The central topic of this session is the work of Gandhi (and at least one of the thinkers who influenced him: Leon Tolstoy). Gandhi’s work is sprawling, it comprises over 100 volumes. These books deal with a great variety of themes; I want to focus here on one area of his life and work which, however, is central and overshadows the rest: the area of politics and political action. I title my talk: “Gandhi for Today”—because it is not enough just to know about Gandhi as a historical figure, but to follow Gandhi, to enact his teachings in our time.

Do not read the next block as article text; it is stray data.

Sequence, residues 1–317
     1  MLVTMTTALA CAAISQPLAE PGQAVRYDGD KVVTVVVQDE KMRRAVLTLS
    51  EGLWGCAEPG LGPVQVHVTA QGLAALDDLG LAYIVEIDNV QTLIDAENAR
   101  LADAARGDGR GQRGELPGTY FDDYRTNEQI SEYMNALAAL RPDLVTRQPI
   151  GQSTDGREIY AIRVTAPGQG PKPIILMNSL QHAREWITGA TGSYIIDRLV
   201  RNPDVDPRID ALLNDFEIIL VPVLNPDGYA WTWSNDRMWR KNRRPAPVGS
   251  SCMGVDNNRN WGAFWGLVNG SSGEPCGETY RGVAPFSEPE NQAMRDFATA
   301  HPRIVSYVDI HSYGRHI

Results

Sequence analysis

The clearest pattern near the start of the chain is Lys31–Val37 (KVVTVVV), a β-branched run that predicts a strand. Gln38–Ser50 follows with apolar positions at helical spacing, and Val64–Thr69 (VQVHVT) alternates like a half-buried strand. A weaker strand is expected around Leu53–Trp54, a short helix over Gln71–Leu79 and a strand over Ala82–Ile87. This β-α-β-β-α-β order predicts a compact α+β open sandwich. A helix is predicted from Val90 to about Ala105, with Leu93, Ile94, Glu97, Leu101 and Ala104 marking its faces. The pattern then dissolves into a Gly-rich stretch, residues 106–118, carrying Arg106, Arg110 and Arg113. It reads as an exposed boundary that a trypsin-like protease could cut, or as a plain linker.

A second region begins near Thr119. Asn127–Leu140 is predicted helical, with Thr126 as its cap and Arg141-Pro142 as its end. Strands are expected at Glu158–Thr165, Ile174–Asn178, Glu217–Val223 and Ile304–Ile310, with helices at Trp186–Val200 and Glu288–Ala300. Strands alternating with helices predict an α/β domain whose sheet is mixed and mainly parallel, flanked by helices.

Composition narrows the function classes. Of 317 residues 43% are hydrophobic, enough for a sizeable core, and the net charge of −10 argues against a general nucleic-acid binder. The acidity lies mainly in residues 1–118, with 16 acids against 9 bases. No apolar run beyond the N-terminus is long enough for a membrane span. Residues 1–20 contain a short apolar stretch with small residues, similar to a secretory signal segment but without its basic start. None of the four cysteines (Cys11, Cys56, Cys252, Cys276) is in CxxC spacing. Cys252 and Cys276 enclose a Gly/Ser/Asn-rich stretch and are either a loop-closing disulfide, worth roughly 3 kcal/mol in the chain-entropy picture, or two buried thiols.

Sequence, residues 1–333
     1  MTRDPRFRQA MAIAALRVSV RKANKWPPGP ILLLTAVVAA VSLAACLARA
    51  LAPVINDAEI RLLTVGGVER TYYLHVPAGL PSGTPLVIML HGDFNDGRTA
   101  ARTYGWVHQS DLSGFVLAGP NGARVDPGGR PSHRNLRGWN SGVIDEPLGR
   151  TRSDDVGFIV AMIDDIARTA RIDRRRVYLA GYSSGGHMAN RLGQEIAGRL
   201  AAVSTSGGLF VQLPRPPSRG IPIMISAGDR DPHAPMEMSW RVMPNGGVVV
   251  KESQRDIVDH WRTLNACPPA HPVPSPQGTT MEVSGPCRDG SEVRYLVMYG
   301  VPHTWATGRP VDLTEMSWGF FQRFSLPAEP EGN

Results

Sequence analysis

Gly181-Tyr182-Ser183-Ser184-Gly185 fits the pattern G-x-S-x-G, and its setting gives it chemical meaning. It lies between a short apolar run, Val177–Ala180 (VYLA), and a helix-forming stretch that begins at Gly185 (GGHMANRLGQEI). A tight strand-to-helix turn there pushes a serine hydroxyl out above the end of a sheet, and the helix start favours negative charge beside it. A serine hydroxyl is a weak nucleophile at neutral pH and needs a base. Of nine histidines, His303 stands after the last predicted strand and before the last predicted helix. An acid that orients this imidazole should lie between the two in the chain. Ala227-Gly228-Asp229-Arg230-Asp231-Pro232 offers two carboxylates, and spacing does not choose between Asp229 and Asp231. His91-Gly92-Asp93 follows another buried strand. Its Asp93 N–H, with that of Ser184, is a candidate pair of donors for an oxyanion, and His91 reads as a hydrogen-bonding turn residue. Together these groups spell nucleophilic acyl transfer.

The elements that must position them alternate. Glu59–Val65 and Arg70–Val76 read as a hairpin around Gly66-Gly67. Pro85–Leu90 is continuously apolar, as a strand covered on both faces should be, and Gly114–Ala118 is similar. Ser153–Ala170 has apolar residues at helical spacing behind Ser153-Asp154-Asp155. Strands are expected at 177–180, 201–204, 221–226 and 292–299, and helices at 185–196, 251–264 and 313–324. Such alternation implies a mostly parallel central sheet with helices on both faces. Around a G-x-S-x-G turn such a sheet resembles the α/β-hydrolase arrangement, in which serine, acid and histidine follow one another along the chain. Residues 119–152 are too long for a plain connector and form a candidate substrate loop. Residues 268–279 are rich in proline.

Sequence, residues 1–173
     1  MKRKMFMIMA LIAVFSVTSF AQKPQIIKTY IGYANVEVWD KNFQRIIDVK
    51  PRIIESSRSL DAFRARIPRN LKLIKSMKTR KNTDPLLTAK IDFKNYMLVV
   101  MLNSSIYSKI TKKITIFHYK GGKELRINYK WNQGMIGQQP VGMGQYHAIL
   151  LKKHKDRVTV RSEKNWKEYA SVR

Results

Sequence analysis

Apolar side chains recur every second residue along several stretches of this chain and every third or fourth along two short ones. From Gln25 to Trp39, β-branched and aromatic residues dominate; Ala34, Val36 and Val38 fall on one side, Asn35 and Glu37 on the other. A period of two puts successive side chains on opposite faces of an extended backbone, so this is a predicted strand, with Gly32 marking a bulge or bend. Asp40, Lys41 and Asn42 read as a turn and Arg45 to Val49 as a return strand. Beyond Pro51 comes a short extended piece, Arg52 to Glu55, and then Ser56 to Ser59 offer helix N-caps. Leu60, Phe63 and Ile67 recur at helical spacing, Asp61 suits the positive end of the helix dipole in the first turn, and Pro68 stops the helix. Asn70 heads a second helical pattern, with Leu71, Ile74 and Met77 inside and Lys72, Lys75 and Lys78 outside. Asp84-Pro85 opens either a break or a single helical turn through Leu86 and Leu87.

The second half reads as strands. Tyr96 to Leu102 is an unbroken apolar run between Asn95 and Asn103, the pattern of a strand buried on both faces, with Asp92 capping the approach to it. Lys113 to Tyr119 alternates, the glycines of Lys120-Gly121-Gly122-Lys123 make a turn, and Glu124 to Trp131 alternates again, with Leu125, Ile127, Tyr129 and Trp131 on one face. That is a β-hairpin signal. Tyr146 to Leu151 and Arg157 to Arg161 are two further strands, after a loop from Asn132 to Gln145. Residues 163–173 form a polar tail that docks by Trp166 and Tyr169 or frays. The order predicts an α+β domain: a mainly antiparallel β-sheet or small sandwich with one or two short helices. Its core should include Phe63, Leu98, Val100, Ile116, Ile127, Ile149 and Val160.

The subtitle of my talk is “Self-Rule, Non-Violence, Struggle for Justice.” The Indian terms for these notions are: swaraj, ahimsa, and satyagraha. Swaraj tells us what is democratic government; ahimsa tells us how to achieve and practice it; satyagraha tells us about the goal of politics: pursuit of truth, justice, and the “good life.” These are the ideas we have to re-learn today. Gandhi struggled for Indian self-rule or “home rule” against the mighty British Empire (where the sun did not set). Today, many people struggle for self-rule against a mighty world-empire, and against many other forms of domination. Gandhi struggled for Indian self-rule mainly non-violently. Today, many movements aiming at independence or freedom resort to violence (virtually as the only and preferred method). Gandhi struggled for self-rule with the aim to establish a rule of justice, non-domination, and ethical rightness. Today, many movements seek self-rule only in order to establish a new form of domination and exploitation (their own domination). So, we have to re-learn a lot from Gandhi.